Yeah, I'm not sure. If the land was zoned for highrise, then I'd agree it would make sense for it to only be profitable to build highrise given the lack of highrise zoned land in the pre-WWII area of Toronto, but you'd think the midrise zoning would be factored into the land costs. Maybe the market has an expectation that the land can get rezoned to highrise?

If it's viable to demolish a 1 storey bungalow for a 2 storey house, you'd think it would be viable to demolish a 1 storey building for a 5 storey one. Granted, the 2 storey house will likely have a bigger footprint, so it might represent a 3-fold increase in square footage, whereas the 5 storey building would have to have setbacks from the adjacent townhouses while the Rexall building has essentially 100% ground coverage, so building a 5 storey building there might also represent a 3-fold increase in density.

As a general rule, I'd say you need very high housing costs to warrant a 2 fold increase in density, moderate ones to warrant a 3-fold increase, and 4-5 fold increases can be done with relatively affordable housing prices, assuming demolition of the old structure is necessary (so laneway/backyard cottages are different) and the new structure uses wood frame construction.

I think a lot of the potential for making Toronto more affordable is in the more inner ring suburbs because of this. In Old Toronto, you'd have to be pushing up against the 6 storey limit for woodframe construction to achieve a 3 fold increase in density, and you'd have some challenges with building very close to other existing structures and fitting underground parking into small sites. So I think changing the zoning in Old Toronto isn't going to bring housing prices below $500/sf or so, which is maybe still a bit less than it is currently and would allow the city to avoid further increases, so it's still something, and it would create housing in areas where commutes are short and close to subways, and neighbourhoods are very walkable, so it's still a good thing, but building 4-6 storey buildings in the core will probably be barely more affordable than building highrises even if large areas of the core are opened up.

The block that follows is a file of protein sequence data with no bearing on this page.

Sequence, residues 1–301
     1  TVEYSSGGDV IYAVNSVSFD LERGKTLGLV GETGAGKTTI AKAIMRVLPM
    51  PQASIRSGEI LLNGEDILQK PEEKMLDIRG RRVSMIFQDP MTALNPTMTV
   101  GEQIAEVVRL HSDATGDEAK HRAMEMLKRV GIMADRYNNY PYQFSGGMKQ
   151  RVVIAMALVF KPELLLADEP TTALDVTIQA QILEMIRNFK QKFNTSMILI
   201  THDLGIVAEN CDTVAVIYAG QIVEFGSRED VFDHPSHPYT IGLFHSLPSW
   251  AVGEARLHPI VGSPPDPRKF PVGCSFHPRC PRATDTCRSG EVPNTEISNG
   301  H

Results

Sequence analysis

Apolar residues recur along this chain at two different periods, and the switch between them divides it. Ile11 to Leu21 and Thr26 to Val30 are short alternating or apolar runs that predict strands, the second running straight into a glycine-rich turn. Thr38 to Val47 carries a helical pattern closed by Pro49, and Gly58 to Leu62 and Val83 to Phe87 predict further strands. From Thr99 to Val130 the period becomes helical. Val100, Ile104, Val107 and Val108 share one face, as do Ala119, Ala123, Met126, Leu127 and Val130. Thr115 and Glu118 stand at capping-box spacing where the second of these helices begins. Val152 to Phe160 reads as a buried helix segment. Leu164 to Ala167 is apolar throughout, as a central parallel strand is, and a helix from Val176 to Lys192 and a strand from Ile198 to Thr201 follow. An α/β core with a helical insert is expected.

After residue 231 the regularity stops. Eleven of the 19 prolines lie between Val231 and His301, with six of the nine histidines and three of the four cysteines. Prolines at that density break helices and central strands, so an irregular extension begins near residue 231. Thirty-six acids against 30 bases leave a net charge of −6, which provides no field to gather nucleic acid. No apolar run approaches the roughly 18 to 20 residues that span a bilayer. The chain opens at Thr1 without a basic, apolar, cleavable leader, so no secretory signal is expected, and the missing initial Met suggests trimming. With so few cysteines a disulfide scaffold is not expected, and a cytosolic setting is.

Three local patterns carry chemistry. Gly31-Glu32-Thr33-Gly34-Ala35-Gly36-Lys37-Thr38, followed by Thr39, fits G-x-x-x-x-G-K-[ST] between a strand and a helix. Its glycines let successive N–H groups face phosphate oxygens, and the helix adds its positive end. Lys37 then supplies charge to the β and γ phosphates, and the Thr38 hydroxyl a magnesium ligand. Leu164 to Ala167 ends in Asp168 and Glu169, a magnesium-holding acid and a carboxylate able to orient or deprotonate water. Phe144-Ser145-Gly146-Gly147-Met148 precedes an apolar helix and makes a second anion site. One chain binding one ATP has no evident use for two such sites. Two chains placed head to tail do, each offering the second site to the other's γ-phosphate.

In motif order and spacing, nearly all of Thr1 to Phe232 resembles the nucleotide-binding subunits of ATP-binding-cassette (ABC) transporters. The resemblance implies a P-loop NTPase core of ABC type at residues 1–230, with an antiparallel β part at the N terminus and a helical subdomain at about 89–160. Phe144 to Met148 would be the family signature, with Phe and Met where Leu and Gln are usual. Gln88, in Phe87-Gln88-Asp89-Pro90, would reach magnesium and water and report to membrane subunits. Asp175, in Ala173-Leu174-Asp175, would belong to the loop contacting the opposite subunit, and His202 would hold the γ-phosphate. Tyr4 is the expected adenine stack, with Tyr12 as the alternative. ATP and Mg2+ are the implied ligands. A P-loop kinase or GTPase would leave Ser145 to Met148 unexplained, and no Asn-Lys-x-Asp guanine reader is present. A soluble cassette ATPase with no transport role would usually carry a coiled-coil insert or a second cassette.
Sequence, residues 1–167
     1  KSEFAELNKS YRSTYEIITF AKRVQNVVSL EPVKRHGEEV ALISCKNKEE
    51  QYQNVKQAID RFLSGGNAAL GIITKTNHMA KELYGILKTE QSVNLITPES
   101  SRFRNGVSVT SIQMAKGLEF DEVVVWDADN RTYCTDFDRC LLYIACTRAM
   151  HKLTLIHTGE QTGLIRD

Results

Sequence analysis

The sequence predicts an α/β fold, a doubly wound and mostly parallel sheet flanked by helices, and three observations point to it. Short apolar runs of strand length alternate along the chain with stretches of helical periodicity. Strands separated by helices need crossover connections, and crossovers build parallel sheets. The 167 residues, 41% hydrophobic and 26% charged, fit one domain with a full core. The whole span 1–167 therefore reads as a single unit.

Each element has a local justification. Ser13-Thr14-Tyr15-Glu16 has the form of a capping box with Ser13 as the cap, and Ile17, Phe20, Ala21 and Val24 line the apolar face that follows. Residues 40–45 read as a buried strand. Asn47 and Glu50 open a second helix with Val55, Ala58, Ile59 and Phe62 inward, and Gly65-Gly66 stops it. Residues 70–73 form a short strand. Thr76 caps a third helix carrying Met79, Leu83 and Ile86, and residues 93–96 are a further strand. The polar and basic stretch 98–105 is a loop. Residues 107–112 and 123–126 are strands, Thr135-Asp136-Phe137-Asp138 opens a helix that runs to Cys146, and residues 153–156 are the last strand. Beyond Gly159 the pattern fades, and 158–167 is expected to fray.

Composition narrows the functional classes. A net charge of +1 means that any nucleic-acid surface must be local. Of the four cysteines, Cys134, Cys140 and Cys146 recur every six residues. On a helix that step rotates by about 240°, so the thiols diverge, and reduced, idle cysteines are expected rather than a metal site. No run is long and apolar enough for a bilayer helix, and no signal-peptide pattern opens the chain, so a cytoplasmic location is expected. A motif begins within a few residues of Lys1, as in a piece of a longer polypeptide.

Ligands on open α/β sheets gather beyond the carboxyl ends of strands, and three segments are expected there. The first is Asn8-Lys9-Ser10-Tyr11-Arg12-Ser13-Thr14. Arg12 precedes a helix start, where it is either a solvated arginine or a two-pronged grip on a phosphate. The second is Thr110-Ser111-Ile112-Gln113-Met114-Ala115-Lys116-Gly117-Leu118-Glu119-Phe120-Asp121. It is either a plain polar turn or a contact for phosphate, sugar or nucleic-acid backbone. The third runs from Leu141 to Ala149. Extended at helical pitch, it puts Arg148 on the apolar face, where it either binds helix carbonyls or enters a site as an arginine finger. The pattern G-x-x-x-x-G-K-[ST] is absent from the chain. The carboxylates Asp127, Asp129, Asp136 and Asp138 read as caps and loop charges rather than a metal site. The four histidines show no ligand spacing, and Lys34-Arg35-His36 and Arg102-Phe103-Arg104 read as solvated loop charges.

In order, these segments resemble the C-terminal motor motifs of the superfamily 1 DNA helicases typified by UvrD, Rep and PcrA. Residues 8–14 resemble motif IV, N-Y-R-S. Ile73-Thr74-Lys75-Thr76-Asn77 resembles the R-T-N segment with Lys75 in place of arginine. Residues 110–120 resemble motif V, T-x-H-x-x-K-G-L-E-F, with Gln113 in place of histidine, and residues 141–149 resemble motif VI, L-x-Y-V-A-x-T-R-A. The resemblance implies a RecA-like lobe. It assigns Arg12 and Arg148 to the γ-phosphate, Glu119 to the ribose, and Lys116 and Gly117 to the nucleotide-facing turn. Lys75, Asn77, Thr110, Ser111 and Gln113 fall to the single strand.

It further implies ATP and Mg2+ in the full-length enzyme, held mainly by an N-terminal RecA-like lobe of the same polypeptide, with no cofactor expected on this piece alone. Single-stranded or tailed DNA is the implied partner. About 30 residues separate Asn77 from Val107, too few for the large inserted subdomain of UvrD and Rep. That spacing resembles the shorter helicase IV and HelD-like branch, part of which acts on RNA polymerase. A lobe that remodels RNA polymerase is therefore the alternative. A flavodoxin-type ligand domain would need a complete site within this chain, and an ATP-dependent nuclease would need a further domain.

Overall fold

Where it gets more interesting is moving into the 1920s-1960s vintage suburbs. Already in places like Bedford Park, Humewood and Old East York, lots are typically deeper and you have more bungalows rather than 2-3 storey rowhouses, so I think increasing the density 3-4 fold with 4-6 storey buildings is more manageable. Lots get even bigger in Willowdale, Glen Park, Clairlea, Bathurst Manor, Maple Leaf, Sunnylea, Eatonville, Alderwood, Birch Cliff, etc and there's a lot more bungalows remaining in those areas to work with (as opposed to 2 storey mini-mansions).

I'd be curious to see what the redevelopment potential is like in areas like Rexdale too. Right now there's little teardown activity of the bungalows there, but it's not the kind of place where the $200-300k/year income households that buy up those kinds of 3500-5000 sf homes would want to live. Aside from the existing working class demographics that might turn wealthy households away, it's pretty poorly connected to the downtown Toronto jobs, and a lot of the major suburban office clusters are kind of far from there too (DVD/404 corridor, QEW in Halton, Meadowvale). It is fairly well located for jobs at the airport and industrial/warehouse areas however.
 

Neutrino

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But with SFH going for over a million in Toronto, can the city really afford to expropriate thousands of houses?
Probably and that's why I mentioned "what I would like to see." But who knows. Things may get so bad that we have no choice. And that may not be so far off.

Cabbagetown is so intact as a Victorian neighbourhood that I'd be opposed to redeveloping it.
Yes. I think priority for redevelopment should go to the most run down of the post-war suburbs.
 

Memph

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The only way to do that is to expropriate and then establish a plan, and only then resell all the land to developers. If you leave it to developers you’ll get St. Jamestown, wherein developers bought up a few houses, filled them with scum to drive out everyone else.

But with SFH going for over a million in Toronto, can the city really afford to expropriate thousands of houses?
I think it's possible to assemble small parcels of land without trying to run down the neighbourhood. You can build towers on small plots of land like Theatre Park and Massey Tower, it's not like you need to assemble an entire city block's worth of houses.
 

Admiral Beez